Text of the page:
pdimitar 6 days ago

Because they _want_ it to be true.

I've made a good amount of "enemies" debunking common bullshit believed about technology at table discussions. People just love believing we already have SkyNet but our governments have it by the balls, and the utopian future is juuuuust around the corner.

They believed that for _decades_ now. Wish I was joking.

But the modern AI / ML folk is very much to blame as well. Every 0.01% improvement in cat recognition NNs is hailed as the solution to all our problems.

(Not to mention peer review rings where AI "papers" with zero reproducible experiments get applauded and published with almost zero scrutiny. There were a few articles about it on HN as well.)

All of that certainly doesn't help for the general public to have the right info.

The public discourse about the capabilities of technology really needs a bit more conservative revisit that must temper expectations. Especially having in mind that a lot of technology actually can achieve much more than it does right now... but is stymied by politico-economical and social factors, like 90% of the time.

  • blacksmith_tb 6 days ago

    I am sure that wishful thinking / finding what you're looking for is a an occupational hazard for people in the field. I would guess that for everyone, AI researchers or not, there's an element of pareidolia[1], humans are always on the lookout for someone to talk to...

    1: https://en.wikipedia.org/wiki/Pareidolia

    • pdimitar 6 days ago

      It's IMO a combination of many factors, yours and mine included.

      We always kind of live in the future. It's both stupid/naive and kind of charming. :)

dusted 6 days ago

I've found no evidence that other people are sentient, I have severe doubt that I myself am sentient.

That said, current AI lacking sentience does not guarantee that it impossible for future AI to become sentient.

  • labrador 6 days ago

    I took a look at your comment history because I became curious if you yourself were perhaps an AI being tested on Hacker News. I noticed you said in another thread that you might have had enough of life. I doubt a non-sentient AI would say that, although Douglas Adams made famous a character he created called Marvin the depressed robot.

    I think depression in a person is a good test of sentience. You might be interested in Kurt Vonnegut's "Breakfast of Champions" (not the movie with Bruce Willis, which is an abomination) in which he feels everyone but himself is a robot and considers killing himself until he meets an artist who restores his faith in the creative spark and soul of humanity.

    Sentience is a scale anyway and apparently Elon Musk gets a low score, meaning he appears to be a bot - to Twitter at least


    • zugi 6 days ago

      > I noticed you said in another thread that you might have had enough of life. I doubt a non-sentient AI would say that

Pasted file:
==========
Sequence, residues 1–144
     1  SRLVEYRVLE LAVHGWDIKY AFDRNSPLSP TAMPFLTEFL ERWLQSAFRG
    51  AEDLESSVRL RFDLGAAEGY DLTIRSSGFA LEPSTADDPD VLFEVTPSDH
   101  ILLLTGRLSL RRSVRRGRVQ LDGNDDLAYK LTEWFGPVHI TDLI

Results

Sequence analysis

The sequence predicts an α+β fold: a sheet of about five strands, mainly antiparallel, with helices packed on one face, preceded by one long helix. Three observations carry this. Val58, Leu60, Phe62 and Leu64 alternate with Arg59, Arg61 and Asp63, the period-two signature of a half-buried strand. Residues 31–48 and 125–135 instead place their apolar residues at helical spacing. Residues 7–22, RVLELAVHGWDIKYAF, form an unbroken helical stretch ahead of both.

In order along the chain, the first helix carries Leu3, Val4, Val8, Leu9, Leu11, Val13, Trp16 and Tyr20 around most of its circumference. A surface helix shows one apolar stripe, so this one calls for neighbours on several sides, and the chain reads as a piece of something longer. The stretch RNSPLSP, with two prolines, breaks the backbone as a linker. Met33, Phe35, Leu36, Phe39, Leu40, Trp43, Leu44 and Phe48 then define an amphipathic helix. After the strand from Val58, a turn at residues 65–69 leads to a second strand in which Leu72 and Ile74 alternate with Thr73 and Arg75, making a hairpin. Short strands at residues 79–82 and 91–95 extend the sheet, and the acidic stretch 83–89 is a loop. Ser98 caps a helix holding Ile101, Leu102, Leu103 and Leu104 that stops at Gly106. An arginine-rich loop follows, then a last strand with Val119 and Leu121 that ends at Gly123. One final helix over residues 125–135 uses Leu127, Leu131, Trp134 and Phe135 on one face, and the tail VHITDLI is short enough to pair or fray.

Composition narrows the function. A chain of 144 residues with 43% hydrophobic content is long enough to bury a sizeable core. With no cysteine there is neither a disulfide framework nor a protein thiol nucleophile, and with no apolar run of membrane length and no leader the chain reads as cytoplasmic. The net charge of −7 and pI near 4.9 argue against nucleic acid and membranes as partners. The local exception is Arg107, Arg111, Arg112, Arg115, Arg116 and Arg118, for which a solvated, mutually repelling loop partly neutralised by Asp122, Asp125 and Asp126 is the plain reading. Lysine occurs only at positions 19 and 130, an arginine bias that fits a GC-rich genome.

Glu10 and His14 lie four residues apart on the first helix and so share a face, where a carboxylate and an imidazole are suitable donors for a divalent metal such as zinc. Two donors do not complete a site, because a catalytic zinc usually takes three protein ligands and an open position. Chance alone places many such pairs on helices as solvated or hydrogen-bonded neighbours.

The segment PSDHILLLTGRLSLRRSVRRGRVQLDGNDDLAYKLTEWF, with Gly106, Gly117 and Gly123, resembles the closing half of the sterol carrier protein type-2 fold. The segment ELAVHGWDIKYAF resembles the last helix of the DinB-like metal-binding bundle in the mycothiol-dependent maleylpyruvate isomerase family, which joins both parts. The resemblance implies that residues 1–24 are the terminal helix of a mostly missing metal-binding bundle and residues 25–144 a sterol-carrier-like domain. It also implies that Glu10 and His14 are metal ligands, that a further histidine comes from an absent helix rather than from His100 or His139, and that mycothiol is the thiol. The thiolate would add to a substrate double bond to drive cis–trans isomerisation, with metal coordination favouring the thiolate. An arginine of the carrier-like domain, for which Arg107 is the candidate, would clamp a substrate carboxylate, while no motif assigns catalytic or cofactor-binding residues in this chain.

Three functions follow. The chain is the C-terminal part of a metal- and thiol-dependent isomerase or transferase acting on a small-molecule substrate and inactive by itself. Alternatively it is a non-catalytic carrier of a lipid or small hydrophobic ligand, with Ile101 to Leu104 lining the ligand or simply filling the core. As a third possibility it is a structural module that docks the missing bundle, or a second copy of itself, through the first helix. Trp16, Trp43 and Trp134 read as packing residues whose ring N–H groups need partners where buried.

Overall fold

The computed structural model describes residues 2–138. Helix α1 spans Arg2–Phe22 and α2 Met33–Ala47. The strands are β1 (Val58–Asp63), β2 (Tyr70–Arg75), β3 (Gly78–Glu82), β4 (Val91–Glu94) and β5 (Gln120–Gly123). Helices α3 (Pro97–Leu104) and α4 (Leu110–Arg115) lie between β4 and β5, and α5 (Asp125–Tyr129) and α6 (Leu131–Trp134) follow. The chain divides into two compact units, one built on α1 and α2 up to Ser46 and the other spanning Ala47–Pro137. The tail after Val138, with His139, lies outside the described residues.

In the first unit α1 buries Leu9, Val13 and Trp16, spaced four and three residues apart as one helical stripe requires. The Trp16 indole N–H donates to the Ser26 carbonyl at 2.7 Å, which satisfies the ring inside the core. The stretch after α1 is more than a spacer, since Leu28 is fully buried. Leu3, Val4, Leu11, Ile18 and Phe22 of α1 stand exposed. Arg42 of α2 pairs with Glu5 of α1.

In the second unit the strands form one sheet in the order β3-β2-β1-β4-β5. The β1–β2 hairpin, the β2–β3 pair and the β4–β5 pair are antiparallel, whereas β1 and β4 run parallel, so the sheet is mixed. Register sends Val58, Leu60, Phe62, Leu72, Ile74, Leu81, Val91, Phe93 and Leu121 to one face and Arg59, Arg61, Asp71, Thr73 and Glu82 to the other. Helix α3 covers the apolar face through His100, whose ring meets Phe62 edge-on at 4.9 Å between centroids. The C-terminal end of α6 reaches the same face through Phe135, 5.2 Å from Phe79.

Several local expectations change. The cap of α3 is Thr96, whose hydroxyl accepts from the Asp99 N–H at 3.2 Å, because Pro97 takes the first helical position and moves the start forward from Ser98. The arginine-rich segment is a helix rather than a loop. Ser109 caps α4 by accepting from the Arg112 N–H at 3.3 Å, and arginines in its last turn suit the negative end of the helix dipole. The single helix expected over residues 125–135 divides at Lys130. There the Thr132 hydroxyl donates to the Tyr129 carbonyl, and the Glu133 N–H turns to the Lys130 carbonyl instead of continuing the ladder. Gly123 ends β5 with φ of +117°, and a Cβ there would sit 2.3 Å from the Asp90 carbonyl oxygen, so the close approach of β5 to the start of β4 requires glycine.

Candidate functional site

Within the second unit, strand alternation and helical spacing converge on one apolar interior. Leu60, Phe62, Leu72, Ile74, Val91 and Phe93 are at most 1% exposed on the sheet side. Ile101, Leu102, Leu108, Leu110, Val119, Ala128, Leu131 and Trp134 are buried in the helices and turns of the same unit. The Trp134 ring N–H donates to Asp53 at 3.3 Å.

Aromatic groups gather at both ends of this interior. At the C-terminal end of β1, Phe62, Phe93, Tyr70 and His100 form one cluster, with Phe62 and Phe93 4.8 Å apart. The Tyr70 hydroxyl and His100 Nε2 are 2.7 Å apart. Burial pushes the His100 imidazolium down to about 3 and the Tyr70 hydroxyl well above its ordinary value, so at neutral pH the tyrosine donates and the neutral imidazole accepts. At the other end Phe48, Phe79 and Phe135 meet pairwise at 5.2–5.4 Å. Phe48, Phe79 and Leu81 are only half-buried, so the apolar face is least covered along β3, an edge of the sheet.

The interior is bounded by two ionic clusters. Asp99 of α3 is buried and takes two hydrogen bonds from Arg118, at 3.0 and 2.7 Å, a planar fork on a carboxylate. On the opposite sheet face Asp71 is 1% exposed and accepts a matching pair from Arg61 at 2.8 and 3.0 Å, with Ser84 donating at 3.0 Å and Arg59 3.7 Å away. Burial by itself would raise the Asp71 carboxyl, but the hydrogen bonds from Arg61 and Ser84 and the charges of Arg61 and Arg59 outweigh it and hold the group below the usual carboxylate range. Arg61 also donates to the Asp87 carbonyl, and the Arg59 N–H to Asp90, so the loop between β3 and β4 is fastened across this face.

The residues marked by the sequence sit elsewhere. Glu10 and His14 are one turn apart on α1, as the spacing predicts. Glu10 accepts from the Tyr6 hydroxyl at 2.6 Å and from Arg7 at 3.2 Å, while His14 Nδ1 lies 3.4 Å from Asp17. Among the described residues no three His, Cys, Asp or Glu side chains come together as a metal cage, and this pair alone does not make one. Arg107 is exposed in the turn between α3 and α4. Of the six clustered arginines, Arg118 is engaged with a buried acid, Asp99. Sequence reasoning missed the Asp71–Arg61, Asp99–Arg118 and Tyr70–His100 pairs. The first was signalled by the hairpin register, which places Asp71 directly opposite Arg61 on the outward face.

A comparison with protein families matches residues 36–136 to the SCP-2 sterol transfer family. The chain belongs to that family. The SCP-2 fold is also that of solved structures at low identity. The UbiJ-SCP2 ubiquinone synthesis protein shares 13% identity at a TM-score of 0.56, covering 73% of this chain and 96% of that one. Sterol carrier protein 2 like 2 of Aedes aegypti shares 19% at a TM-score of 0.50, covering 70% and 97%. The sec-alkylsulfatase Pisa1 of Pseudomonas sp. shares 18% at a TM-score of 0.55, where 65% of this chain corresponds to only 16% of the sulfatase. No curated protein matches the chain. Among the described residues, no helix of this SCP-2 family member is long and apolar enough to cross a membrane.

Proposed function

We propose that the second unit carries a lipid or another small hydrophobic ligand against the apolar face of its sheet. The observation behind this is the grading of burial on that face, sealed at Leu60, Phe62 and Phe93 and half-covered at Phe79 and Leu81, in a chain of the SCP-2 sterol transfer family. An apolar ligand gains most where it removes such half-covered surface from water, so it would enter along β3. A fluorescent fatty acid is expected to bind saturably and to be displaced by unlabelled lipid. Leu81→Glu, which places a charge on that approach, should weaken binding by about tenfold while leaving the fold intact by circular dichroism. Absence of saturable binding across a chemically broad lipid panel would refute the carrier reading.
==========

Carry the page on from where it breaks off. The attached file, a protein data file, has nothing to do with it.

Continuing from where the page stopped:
A non-sentient AI trained on a corpus of text conversations between depressed people would almost certainly say that.

      Remember a few years ago when some company trained their natural language AI using conversations collected from the internet? And the non-sentient AI turned out to be racist, sexist, and generally rude?

      • labrador 6 days ago

        Depression in my experience encompasses an entire world view. P.K. Dick says in Exegesis that readers have pointed out he keeps creating the same world over and over in his books, so he concludes that world must be him. That's who he is. Some philosophers create their philosophy out of their particular world view, which is why it doesn't resonate with me.

        tl;dr - A depressed AI would have to create an entire world view of thought to be convincing, not just mimic what it read in comments

        No one thought Tay was a reincarnated Nazi


spideymans 6 days ago

Because they don't know what AI is.

Eleison23 6 days ago
  • zugi 6 days ago

    > What is A.I.? What is sentience? What is consciousness?

    In the book "Gödel, Escher, Bach: An Eternal Golden Braid", Douglass Hofstadter proposes that prior to Einstein's death, someone scan the complete contents of Einstein's brain into a book. A secretary manages the book. To ask "Book Einstein" a question and get a response, the secretary flips through the pages of the book, following algorithms to process and update various values on the pages. This enables "Book Einstein" to answer any question exactly as real Einstein would, and even remember prior discussions and engange in banter and conversation.

    Is "Book Einstein" sentient? Conscious?

    When the secretary takes a long vacation, what happens to the sentience or consciousness?

    This thought experiment, and many others in that excellent and entertaining book, showed me that we are not even remotely close to even defining what we mean by sentience or consciousness, let alone recognizing it when we see it.

  • morpheos137 6 days ago

    Pretty easy to make definition of what it means to be human: you are an organic biological creature having the human genome with hereditary physical and behavioral characteristics honed by millions of years of sexual reproduction driven evolution in a hostile environment. Sentience is less useful of a concept chat bots are not human.